A probe so sensitive that it can tell whether or not a cell living within the human body is veering towards cancer development may revolutionize how future colonoscopies are done, say researchers from the Mayo Clinic in Jacksonville, Fla.
Investigators have found that technology known as a high resolution confocal endomicroscopy probe system can determine whether a colon polyp is benign (not precancerous) - without having to remove it for examination by a pathologist.
Their study, to be presented at the Digestive Disease Week, a scientific meeting of gastrointestinal specialists and researchers held in San Diego, shows that using the probe system was 89 percent accurate in identifying whether polyps were either precancerous or benign. But more importantly, it was correct 98 percent of the time in flagging polyps that were benign, which would then not need to be removed for biopsy. The Mayo researchers, who are the first in the U.S. to comprehensively test the system in the colon, believe they can push accuracy close to 100 percent with more research.
What this means is that the probe system can be used to during a colonoscopy to rule out removal of polyps that are not harmful, says the study's senior author, Michael Wallace, M.D., M.P.H., Professor of Medicine at Mayo Clinic.
"Today, half of all polyps surgically removed during colonoscopy procedures are benign, and so this virtual biopsy will save time and expense, and reduce complications that can occur," he says.
The device is a tiny imaging tool, only 1/16th of an inch in diameter, which can be attached to a variety of endoscopes that are already being used during colonoscopies, Dr. Wallace says. When a suspicious polyp is seen during a colonoscopy, a physician can use the probe to look closely at the lesion. To do this, a small amount of fluorescent contrast is used to illuminate the area, and the probe magnifies it by 1,000 times – enough to see a single red blood cell as it moves through a blood vessel.
In this study, the researchers first tested 10 precancerous ("adenomatous") lesions as well as 10 benign ("hyperplastic") lesions using the probe system in order to understand the differences in appearance between the two. (The status of the polyps was later verified by pathologists.) Among other things, they looked at changes in cell color and size, how nuclei within the cells looked, and whether cells were crowed within tissue, or fused.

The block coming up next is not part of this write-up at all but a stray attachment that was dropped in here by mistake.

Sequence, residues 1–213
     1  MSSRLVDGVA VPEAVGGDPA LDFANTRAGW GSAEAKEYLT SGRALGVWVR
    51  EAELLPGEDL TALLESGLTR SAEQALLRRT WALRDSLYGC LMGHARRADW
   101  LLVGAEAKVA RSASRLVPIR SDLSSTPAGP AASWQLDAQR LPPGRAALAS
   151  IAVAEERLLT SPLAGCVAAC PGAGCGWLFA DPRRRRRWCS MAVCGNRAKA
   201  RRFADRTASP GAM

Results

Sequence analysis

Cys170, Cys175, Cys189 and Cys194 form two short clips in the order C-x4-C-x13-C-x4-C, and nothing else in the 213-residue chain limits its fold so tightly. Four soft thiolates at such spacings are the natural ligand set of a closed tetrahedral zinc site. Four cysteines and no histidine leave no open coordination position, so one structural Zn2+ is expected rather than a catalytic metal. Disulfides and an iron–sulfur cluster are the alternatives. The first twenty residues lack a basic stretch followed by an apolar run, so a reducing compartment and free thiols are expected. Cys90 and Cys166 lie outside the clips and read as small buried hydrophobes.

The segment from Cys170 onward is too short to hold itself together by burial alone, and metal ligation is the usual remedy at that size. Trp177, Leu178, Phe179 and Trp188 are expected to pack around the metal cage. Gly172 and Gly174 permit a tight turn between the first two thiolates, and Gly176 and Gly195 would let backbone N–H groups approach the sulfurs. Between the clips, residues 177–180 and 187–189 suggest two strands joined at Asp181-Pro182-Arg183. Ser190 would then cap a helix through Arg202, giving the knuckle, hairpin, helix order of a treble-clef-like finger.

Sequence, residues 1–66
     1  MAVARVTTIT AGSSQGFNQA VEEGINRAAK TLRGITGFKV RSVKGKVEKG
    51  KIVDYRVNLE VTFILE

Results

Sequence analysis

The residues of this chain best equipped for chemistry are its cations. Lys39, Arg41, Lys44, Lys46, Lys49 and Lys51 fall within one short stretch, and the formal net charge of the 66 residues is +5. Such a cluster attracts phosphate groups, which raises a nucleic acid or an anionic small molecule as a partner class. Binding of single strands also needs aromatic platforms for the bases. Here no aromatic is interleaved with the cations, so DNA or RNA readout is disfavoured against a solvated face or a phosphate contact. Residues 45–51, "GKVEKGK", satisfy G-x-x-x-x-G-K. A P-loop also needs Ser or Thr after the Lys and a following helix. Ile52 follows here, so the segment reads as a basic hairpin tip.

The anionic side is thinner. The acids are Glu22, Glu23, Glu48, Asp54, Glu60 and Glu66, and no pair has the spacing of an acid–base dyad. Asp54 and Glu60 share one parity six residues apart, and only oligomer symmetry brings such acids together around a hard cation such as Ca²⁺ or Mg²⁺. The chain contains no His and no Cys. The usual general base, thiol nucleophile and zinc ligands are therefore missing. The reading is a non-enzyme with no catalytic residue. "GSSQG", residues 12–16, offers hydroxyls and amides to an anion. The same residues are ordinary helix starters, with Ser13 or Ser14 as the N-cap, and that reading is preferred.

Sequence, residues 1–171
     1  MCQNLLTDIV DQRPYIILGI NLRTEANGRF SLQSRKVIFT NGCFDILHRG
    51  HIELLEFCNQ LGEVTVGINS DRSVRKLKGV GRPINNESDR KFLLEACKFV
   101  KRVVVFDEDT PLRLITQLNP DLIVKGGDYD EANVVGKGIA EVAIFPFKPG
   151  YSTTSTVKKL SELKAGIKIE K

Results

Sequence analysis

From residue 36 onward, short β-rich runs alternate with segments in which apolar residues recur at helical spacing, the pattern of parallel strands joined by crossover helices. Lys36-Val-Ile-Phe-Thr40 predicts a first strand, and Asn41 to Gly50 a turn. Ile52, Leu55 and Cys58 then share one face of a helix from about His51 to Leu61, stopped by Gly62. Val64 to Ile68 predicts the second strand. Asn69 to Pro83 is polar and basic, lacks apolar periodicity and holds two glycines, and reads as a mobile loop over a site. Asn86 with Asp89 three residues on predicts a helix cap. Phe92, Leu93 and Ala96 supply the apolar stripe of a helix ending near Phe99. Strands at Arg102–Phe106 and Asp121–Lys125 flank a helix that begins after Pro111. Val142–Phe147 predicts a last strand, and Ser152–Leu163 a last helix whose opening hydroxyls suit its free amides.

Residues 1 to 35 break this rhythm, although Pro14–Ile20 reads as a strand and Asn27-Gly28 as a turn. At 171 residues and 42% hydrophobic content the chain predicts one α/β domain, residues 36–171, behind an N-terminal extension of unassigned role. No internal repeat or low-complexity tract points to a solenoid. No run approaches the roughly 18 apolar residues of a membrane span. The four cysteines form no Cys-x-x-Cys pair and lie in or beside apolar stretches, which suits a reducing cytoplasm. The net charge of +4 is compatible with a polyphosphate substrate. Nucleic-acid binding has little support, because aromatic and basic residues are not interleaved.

They then, without knowledge of the pathologists' diagnosis, used their new grading system to determine the status of 37 polyps within 25 patients, which were then removed. The most important clinical result is that the probe was 98 percent accurate in identifying lesions that were not cancerous. "That is what you want in a device like this," says the project's lead research fellow, Anna M. Buchner, M.D., who will be presenting the findings. "Removing a polyp that looks precancerous, but turns out to be benign, is okay, but you don't want to leave polyps intact in the colon that are actually cancerous," she says. "This probe is almost perfectly reliable in that regard and with more experience I am sure we can improve accuracy to nearly 100 percent."
Wallace says the technology, which is also being tested in the esophagus, has the capacity to fundamentally change how many different endoscopy procedures are done. "This will shift our role from one of going in and getting tissue for a pathologist to examine to one in which we can do the pathology ourselves," Dr. Wallace says. "This is instantaneous, real time pathology."
The study was supported by the American Society for Gastrointestinal Endoscopy.
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